An ode to the writers of my world
In November last year, I attended the launch of “We the People: Insights of an Activist Judge”, a book written by a revered former justice of South Africa’s Constitutional Court, Albie Sachs. As I sat under the cool conditioned air of Exclusive Books in Hyde Park Corner, Johannesburg, I took note of my giddy, former-law-student-fangirl feelings that had carried me into that room. In my formative years in law school, I read many of Sachs’s well-reasoned constitutional judgments and even early on in my intellectual development, I appreciated the work of his weighty pen, which has done much to restore and affirm the equality and dignity of South Africans living under our relatively new constitutional dispensation.
Sitting quietly and cross-legged with my notebook on my lap, I began to take furious notes as soon as Sachs started to speak about his life and experience.
I felt some reverence for the moment, admittedly in part due to the glass of red wine that the bookshop had gifted me to mark this occasion — and it was the end of a very long day.
When I later reviewed my notes, I noticed that one of the things that had resonated deeply with me that evening was a point Sachs had made about reading. Reflecting on his privilege as a white South African male, he recognised his ability to read, and to read widely, as an instance of his privilege. I cannot remember his exact phrasing, but in my notebook, I wrote: “I have had three privileges in my life … the third and final privilege I have enjoyed as a white South African man is the ability to imagine. As a child, I read books and learned that anything was possible for me. I could do anything, be anything … fly to the moon.”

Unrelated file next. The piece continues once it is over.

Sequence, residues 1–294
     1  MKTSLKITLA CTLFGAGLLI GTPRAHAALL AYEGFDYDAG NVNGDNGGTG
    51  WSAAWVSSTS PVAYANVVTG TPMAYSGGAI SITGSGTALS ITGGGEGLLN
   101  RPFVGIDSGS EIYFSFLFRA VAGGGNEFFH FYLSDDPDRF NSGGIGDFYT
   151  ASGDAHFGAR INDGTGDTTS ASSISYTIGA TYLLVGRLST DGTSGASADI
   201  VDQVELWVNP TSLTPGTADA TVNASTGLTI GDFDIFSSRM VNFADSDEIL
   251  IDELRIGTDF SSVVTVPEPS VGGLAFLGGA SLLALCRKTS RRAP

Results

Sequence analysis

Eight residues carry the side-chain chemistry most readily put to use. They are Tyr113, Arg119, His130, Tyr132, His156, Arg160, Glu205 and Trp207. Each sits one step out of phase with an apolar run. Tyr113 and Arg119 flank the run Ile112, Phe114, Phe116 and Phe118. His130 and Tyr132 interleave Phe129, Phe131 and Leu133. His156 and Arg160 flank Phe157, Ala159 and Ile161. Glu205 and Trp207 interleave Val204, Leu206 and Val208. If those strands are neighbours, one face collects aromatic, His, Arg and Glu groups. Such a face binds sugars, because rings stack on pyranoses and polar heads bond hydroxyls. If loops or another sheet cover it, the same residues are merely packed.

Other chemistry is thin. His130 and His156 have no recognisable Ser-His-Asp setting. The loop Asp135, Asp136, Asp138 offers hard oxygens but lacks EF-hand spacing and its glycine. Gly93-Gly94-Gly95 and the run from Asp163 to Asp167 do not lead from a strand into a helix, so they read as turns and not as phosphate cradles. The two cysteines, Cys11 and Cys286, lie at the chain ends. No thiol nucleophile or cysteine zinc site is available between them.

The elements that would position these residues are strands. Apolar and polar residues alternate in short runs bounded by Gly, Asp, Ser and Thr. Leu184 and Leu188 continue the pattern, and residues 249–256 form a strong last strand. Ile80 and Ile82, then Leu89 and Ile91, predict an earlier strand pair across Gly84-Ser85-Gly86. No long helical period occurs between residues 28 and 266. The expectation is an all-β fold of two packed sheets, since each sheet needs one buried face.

I can relate. Through the books I have read, I have encountered many worlds. I have surrendered my love to an unlikely suitor in 18th Century rural England. I have been barefoot and full of mirth as a child in the slums of India. I have been a disciplined ballet dancer at Madame Mao’s Dance Academy in Beijing, China. I have run away from grisly beasts through a dozen enchanted forests and vigorously pursued a ring to the edge of Mount Doom. In my imagination, I have danced with princes until midnight and stolen deadly poison from my sleeping beloved’s lips. I have eaten, I have prayed and I have loved at the sacred altars of humanity all across the globe.
The Harry Potter series in particular was a significant part of my childhood. This was unusual in my context, as I grew up in what was then a rural area in Mpumalanga. Having gone through most of the books in the makeshift library of my English classroom in primary school, my white English teacher would borrow her goddaughter’s books, so that I could also read them. I now know that my teacher understood the truth that Sachs came to know — books can give us the world.
And Harry Potter has been a most precious gift. I spent five months as an exchange student in Washington, DC in 2015 and lived at the International Student House with other young people from different countries, backgrounds and cultures. The easy common ground we quickly found was our shared childhood experience of JK Rowling’s wizard boy who confronted evil and lived. Saying that Harry Potter bridged gaps between our different contexts and lived experiences would be overstating things, but for me, our shared attachment to the series highlighted the power of books to inspire people across different continents and contexts, exposing what I like to call the “me-too-ness” of human stories.